Here are five of the most important news stories this week, as well as relevant links to the full articles and videos here on theTrumpet.com.
According to Christian Brose, a former staff director of the United States Senate Armed Services Committee, a revolution in military affairs is underway. Referring to the U.S. military, Brose wrote in the May-June issue of Foreign Affairs: “A military made up of small numbers of large, expensive, heavily manned, and hard-to-replace systems will not survive on future battlefields, where swarms of intelligent machines will deliver violence at a greater volume and higher velocity than ever before.”
This revolution threatens to unseat America as the world’s military superpower, as U.S. rivals develop multimillion-dollar technologies designed to destroy the Pentagon’s multibillion-dollar military systems.
A series of world events could soon lead to higher prices at the gas pump: the expiration of waivers to eight nations to continue buying oil from Iran, more economic and political pressure on the regime of Venezuelan dictator Nicolás Maduro, violence in North Africa, Iran’s threats to close the Strait of Hormuz, etc.
As far back as December 1994, Trumpet editor in chief Gerald Flurry speculated that a disruptive attack on global oil supplies, particularly by Iran, would have huge ramifications. It “could help trigger a collapse of the Western world’s weak currencies,” he wrote. “This in turn could cause Europe to quickly unite into the most powerful economic bloc in the world. That very event is prophesied to occur in your own Bible!”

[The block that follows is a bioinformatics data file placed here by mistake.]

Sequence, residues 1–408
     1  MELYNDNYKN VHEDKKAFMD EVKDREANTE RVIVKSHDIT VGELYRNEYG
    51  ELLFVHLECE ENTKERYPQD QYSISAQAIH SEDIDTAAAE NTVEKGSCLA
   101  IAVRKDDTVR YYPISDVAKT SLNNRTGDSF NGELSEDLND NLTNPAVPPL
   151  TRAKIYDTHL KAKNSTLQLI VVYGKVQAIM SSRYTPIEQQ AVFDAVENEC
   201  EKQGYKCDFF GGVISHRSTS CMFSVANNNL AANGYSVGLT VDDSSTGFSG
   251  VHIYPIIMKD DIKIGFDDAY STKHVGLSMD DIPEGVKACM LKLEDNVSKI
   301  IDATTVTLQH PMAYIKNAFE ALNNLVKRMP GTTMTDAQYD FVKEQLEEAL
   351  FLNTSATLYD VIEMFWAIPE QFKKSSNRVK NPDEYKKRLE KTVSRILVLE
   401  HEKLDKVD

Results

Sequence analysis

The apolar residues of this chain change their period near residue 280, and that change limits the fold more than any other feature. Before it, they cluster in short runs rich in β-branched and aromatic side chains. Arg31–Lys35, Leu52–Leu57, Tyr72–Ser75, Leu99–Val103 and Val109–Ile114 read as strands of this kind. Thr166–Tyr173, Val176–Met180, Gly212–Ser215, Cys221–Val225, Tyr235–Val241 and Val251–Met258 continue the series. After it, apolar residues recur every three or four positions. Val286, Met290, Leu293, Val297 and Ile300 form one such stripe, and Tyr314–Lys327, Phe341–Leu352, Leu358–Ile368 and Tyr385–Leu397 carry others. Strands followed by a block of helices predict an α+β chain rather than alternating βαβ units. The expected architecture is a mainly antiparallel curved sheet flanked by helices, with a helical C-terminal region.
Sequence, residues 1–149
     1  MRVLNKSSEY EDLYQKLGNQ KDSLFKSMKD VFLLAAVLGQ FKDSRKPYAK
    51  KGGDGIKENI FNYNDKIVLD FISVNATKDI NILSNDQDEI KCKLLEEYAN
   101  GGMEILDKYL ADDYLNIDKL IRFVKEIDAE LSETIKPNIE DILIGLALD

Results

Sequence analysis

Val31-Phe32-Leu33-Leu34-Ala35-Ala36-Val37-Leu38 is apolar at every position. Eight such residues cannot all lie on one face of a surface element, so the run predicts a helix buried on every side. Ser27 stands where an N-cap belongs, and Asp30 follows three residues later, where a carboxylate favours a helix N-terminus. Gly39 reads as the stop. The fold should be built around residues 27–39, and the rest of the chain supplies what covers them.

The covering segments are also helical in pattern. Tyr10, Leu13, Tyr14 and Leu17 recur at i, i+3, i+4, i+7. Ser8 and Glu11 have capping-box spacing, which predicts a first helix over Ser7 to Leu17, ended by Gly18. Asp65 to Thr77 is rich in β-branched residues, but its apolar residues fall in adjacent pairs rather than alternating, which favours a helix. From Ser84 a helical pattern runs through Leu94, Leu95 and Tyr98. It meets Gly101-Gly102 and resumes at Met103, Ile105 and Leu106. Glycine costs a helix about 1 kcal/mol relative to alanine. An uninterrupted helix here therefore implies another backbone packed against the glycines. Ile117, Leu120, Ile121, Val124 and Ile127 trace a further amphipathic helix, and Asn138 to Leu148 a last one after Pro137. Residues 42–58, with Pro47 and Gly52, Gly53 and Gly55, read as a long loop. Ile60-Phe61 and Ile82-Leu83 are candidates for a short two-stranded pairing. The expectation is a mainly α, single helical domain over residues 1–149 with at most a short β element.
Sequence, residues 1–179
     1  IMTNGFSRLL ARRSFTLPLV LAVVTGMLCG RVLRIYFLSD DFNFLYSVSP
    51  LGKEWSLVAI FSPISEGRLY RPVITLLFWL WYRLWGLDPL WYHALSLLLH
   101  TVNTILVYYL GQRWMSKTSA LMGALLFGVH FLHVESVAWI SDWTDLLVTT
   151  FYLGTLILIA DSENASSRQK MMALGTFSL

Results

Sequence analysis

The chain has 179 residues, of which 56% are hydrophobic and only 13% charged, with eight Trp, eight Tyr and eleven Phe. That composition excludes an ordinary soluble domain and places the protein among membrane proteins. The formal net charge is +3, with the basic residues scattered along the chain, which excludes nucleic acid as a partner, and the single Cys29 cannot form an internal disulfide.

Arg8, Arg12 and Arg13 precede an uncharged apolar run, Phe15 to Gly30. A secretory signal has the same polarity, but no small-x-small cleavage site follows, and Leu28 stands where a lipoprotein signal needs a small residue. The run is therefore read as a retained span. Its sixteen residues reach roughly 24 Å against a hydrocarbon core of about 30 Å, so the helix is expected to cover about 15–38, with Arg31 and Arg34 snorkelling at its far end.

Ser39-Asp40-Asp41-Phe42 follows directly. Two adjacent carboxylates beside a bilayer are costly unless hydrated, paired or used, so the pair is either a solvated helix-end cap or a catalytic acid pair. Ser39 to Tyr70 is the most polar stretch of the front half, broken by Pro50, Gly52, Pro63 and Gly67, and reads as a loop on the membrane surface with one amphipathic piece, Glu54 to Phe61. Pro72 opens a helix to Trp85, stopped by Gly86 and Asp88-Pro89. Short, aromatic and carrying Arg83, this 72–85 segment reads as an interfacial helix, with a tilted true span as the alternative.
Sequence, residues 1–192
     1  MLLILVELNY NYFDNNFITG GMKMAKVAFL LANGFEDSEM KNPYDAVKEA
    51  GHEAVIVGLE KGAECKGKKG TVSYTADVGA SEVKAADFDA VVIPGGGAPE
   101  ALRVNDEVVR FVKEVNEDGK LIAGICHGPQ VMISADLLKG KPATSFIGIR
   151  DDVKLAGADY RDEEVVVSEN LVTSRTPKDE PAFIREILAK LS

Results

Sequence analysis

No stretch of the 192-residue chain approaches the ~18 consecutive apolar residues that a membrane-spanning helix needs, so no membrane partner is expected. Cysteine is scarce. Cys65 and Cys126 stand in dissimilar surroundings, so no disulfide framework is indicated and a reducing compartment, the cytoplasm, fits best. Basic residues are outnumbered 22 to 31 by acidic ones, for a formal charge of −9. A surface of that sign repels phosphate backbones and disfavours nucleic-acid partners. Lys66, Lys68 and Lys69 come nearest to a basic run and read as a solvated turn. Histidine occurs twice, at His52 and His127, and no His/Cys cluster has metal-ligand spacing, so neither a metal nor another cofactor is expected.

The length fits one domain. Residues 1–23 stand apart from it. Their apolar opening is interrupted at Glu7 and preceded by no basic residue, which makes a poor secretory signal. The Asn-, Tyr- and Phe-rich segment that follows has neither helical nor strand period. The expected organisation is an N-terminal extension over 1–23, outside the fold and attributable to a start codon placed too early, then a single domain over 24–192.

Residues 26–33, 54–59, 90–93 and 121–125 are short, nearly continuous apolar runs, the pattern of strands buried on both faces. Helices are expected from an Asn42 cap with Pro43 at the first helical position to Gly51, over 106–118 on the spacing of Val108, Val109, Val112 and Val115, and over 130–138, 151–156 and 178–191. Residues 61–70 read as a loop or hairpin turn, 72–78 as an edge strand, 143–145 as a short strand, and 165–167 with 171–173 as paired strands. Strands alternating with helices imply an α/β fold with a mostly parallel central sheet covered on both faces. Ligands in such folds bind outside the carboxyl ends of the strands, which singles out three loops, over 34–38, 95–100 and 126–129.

Hong Kong Chief Executive Carrie Lam Yuet-ngor vowed in a report released on April 18 to continue banning the pro-independence Hong Kong National Party and to “prohibit any act and activity endangering national security (including ‘Hong Kong independence’).”
The report and the policies it delineates were specifically requested by the Chinese government in Beijing in a clear encroachment on Hong Kong’s autonomy.
Spain’s far-right Vox party made its debut in parliament on April 29, after winning 10 percent of the vote in elections held the previous day. No far-right party has entered parliament since the nation became a democracy in 1975.
Spanish politics now resemble the politics in the Netherlands, Italy, Austria Hungary, Sweden, Slovenia, Czechoslovakia and Poland.
Why is populism gaining so much ground in Spain and many other European nations?
A study by the Pew Research Center published in April found that a majority of people around the world are unhappy with the state of democracy in their country. Germans are especially unhappy and open to other forms of government.
In 2018, 43 percent of Germans said they were unsatisfied with the state of democracy in their country, up from 26 percent in 2017. Only India experienced a more dramatic rise in frustration. Within the European Union, Germans are the most unsatisfied, followed by the Netherlands, with an increase of 12 percentage points.
This does not mean Germans are rejecting the principle of democracy, but they are increasingly frustrated by how their democracy is functioning.
Bible prophecy tells us exactly where these sentiments are leading toward.
“This Week” appears every weekend. To receive an update on our latest stories in your inbox ahead of time every Friday afternoon, subscribe to the Trumpet Brief daily e-mail. Sign up by clicking here or by visiting theTrumpet.com home page.▪